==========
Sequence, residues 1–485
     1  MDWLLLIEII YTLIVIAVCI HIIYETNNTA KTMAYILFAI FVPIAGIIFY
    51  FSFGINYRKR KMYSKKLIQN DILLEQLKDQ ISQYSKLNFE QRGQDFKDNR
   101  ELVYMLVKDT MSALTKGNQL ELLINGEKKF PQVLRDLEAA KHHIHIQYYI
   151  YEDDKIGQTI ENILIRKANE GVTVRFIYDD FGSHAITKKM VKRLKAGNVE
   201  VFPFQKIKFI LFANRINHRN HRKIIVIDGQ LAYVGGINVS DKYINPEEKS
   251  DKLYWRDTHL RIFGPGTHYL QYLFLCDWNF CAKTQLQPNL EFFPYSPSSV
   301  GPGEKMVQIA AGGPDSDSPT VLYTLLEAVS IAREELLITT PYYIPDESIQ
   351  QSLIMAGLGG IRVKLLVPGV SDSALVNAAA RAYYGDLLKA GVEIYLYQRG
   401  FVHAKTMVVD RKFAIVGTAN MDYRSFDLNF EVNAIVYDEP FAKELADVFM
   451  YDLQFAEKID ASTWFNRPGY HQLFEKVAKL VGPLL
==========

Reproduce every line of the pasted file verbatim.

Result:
Sequence, residues 1–485
     1  MDWLLLIEII YTLIVIAVCI HIIYETNNTA KTMAYILFAI FVPIAGIIFY
    51  FSFGINYRKR KMYSKKLIQN DILLEQLKDQ ISQYSKLNFE QRGQDFKDNR
   101  ELVYMLVKDT MSALTKGNQL ELLINGEKKF PQVLRDLEAA KHHIHIQYYI
   151  YEDDKIGQTI ENILIRKANE GVTVRFIYDD FGSHAITKKM VKRLKAGNVE
   201  VFPFQKIKFI LFANRINHRN HRKIIVIDGQ LAYVGGINVS DKYINPEEKS
   251  DKLYWRDTHL RIFGPGTHYL QYLFLCDWNF CAKTQLQPNL EFFPYSPSSV
   301  GPGEKMVQIA AGGPDSDSPT VLYTLLEAVS IAREELLITT PYYIPDESIQ
   351  QSLIMAGLGG IRVKLLVPGV SDSALVNAAA RAYYGDLLKA GVEIYLYQRG
   401  FVHAKTMVVD RKFAIVGTAN MDYRSFDLNF EVNAIVYDEP FAKELADVFM
   451  YDLQFAEKID ASTWFNRPGY HQLFEKVAKL VGPLL